Augmented Reality

Using Augmented Reality: A Different approach to Teaching & Learning

What is Augmented Reality?

Augmented Reality is an interactive experience of a real-world environment where the objects that reside in the real world are enhanced by computer-generated perceptual information. Its content can be accessed by scanning or viewing a trigger image with a mobile device that creates a subsequent action. This action can be a video, another image, 3D Animations, Games, QR code, or whatever you want it to be.

For example, with eBooks, the course content can be embedded with videos, augmented reality, audio files, etc. Here is a small example:

Why educators should really consider augmented reality approach to teaching

In the era of digital devices, where a majority of school-going kids having access to smartphones, AR is making deep inroads in education, making studies more interesting, interactive, immersive and contextual. Augmented reality apps connected to content can create mind-blowing learning experiences and endless learning possibilities. Independent studies reveal these type of learning experiences really speak to the needs of visual learners.

The beauty of Augmented Reality is that the learning experiences can be as easy or as complex as you want. You can create your own, or download the numerous already-made apps connected to various content. But what’s even more enticing is that students can easily create these experiences on their own in a matter of minutes.

Best Augmented Reality apps for the classroom

Kitaboo is as an award-winning cloud-based digital publishing platform to create, publish and securely delivery multimedia-enhanced interactive ebooks.

Daqri Studio is a truly creative tool for designing your own Augmented Reality projects. Science teachers are able to use Anatomy 4D (which allows you to view 3-D images of the human body, including the heart) and Elements 4D (which enhances a chemistry classroom by bringing the periodic table to life).

STAR Augmented Reality Worksheets: With these interactive materials, the worksheet comes alive and transposes 3-dimensional models and video resources to reinforce content.

CoSpaces Edu is a design tool allows students with coding experience to create virtual 3D worlds, create infographics and tell stories through virtual exhibits and tours. Teachers create a class and post assignments. Images and 360-degree photos can be uploaded, and a companion app is available.

Links/ Resources:


Multimedia Resources

Anyone learning multimedia production will inevitably hit a few roadblocks in their projects. Luckily, there are many resources available, both in the AUC Woodruff Library, and online generally. Here are a few resources you can check as you learn to take pictures, edit video, and record audio.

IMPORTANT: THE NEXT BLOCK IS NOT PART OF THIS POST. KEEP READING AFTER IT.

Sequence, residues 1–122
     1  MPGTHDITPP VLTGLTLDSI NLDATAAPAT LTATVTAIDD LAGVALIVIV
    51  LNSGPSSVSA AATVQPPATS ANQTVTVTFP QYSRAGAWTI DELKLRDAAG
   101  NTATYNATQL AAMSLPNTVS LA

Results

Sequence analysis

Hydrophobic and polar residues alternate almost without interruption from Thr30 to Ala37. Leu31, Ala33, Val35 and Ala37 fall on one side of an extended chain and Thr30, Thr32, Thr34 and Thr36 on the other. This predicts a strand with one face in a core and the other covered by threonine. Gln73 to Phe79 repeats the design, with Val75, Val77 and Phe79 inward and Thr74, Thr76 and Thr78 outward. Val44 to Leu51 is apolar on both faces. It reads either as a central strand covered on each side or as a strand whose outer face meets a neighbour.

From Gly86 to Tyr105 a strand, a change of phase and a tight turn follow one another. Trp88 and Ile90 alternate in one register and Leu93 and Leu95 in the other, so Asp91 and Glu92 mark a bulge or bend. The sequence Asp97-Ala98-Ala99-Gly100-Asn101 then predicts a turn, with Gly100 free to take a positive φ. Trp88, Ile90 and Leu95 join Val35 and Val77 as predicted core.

Video Production & Post Production DSLR Video Shooter – This site is chocked full of great DSLR info, with high-quality interviews and a great gear guide. However, the real highlight here is the top-quality video tutorials, video product reviews, and podcasts.

The Best Free Resources for Budding Videographers

Sixteen free Adobe Premiere Circle Transitions

Film and Video Jobs

Mandy: “We have a detailed directory of 100,000+ production companies, film makers, production crews and equipment.”

Creative Cow Careers: “List of available jobs and also the ability to post your resume and go job hunting!”

Film & TV Pro: “The #1 networking and jobs resource for film and TV professionals.”

Resources for background music and sound effects:


Free Sound:

Game Sounds:


CC Trax:


Dig CC Mixter:

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Using Motion Graphics in Adobe After Effects

Motion graphics and visual effects can take a great piece of video in your project and make it stand out to tell a better story. In Adobe After Effects, the possibilities for editing brilliant pieces are limitless. Using After Effects and your creativity, you could be well on your way to getting your foot in the door at a major production network. At first glance, the panels in After Effects can seem intimidating because there are so many. With practice and consistency you will see how easy it is to understand the workflow and what you want to accomplish for each graphic.

Getting set up in After Effects

After Effects Pond5

The picture above demonstrates what your screen should look like when you first open After Effects. Start by creating a new composition. For now, just use the default settings presented by the pop-up window. Click “New Composition” on the upper right area of this window. You’ll be given the option of choosing your composition settings in the next window.

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 Workspace Organization

The next best thing to do once opening After Effects is to organize your workspace so that you can work as efficiently as possible. The After Effects workspace can be fully customized depending on your needs for a specific project. Optimizing your interface can help you maintain a consistent workflow without getting bogged down by multiple windows.

The default layout view includes your composition window (center box), your assets (upper left box), your timeline/layers (lower box), and effects/features (right box). Your main tools are located in the uppermost section to the left.

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Navigating the interface

To create a solid shape, for example, click the “Layer” tab at the top of your workspace, select “New,” and then “Solid.” This will bring up a box asking you to select a color and size, go with white and “Comp Size.”